Top Gear’s guide to buying a used Volkswagen Golf

Oh good grief. We’re going to be here all day. 

In the Mk5 (and depending on the market), you can find the last vestiges of the naturally aspirated petrol engine, from a 1.4-litre four-cylinder in the misery-spec version (complete with a 0–60… er, ‘dash’ of nearly 15 seconds), all the way up to the silly-in-all-the-best-ways 3.2-litre VR6 in the R32. 

As we move to newer Golfs, the engines become increasingly turbocharged (as well as a brief dalliance with super- and turbocharging), generally reducing in displacement at the same time. So you can find turbo 1.2-litre Mk6 Golfs, for instance, or diminutive 1.0-litre, three-cylinder turbos in the Mk7. 

The diesels are… diesels, and – aside from their place in one of the biggest automotive scandals ever – are about as interesting as a symposium on navel lint. They’re also somehow less reliable, sound like a yak trying to gargle a set of castanets and are barred from/charged for entering city centres to a much greater extent than the petrol-powered Golfs.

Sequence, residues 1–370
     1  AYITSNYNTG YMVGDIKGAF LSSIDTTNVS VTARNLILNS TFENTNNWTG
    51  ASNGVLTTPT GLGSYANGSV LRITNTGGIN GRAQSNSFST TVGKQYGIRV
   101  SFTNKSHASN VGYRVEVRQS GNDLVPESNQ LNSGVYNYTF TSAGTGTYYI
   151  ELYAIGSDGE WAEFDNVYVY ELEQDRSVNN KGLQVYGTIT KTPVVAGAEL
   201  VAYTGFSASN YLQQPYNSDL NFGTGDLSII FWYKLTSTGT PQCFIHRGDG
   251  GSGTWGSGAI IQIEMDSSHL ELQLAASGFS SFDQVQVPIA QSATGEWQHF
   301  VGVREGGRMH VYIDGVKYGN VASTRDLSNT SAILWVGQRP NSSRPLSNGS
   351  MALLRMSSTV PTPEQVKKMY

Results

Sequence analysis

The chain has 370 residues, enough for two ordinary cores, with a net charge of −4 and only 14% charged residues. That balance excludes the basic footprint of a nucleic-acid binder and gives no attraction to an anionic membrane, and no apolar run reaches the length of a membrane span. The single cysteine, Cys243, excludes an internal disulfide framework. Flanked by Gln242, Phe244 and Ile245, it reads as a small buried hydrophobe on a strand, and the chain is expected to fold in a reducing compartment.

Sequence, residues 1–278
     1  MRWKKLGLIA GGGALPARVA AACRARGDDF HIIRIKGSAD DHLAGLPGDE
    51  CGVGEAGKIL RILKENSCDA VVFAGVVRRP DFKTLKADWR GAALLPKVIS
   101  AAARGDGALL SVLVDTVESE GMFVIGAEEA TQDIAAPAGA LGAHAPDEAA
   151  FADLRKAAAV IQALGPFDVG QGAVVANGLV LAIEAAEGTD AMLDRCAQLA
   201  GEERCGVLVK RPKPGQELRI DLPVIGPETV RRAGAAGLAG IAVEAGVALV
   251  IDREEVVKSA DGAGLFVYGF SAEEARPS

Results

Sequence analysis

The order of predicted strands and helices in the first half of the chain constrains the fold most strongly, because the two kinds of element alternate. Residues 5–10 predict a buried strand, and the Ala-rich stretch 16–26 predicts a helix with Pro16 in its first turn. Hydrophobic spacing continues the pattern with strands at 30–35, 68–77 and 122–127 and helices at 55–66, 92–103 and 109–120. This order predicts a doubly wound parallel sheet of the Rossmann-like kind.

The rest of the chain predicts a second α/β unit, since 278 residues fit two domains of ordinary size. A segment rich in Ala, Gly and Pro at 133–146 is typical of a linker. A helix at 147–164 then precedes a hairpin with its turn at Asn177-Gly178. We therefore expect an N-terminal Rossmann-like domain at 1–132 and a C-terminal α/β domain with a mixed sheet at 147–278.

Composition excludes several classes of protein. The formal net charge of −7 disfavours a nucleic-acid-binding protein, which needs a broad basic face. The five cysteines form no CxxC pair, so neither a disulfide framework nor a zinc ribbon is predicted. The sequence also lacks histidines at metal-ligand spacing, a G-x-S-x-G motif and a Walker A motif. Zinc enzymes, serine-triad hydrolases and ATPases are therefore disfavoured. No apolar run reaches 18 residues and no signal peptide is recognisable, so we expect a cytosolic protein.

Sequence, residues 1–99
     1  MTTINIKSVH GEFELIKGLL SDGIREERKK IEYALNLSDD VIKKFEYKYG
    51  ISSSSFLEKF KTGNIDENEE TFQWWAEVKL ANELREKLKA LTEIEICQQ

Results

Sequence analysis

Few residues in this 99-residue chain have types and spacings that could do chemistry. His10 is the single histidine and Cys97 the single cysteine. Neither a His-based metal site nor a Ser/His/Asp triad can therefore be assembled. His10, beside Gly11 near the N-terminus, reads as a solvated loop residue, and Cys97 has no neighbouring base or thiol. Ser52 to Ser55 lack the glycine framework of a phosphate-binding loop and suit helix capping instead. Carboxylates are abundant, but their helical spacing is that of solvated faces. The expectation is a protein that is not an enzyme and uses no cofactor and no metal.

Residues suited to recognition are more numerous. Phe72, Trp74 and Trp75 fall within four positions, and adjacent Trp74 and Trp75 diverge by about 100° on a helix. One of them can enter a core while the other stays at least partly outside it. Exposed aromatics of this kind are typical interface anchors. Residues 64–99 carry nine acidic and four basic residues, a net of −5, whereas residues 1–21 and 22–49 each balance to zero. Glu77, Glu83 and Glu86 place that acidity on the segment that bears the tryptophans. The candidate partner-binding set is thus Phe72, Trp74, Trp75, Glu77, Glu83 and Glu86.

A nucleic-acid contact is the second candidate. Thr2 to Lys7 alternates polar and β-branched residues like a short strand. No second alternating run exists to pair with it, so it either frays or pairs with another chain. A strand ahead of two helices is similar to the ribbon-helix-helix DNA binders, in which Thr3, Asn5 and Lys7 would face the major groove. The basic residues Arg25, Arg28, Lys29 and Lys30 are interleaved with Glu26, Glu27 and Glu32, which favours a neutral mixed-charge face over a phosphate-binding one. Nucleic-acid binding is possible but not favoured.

For the city-slicker, there is the e-Golf, which is a wonderful foot in the door of electric car ownership – given that it’s a Golf in every way you remember, apart from not having to worry about the DSG blowing up. And if you insist on falling between two stools, there’s always the hybrid GTE version. 

As for trims? There are many. They’re generally confusing, they change frequently and most aren’t standardised across countries, let alone continents. The good news is that the GTI does seem to be (even if the base car is often called a Rabbit), so there’s a safe bet.

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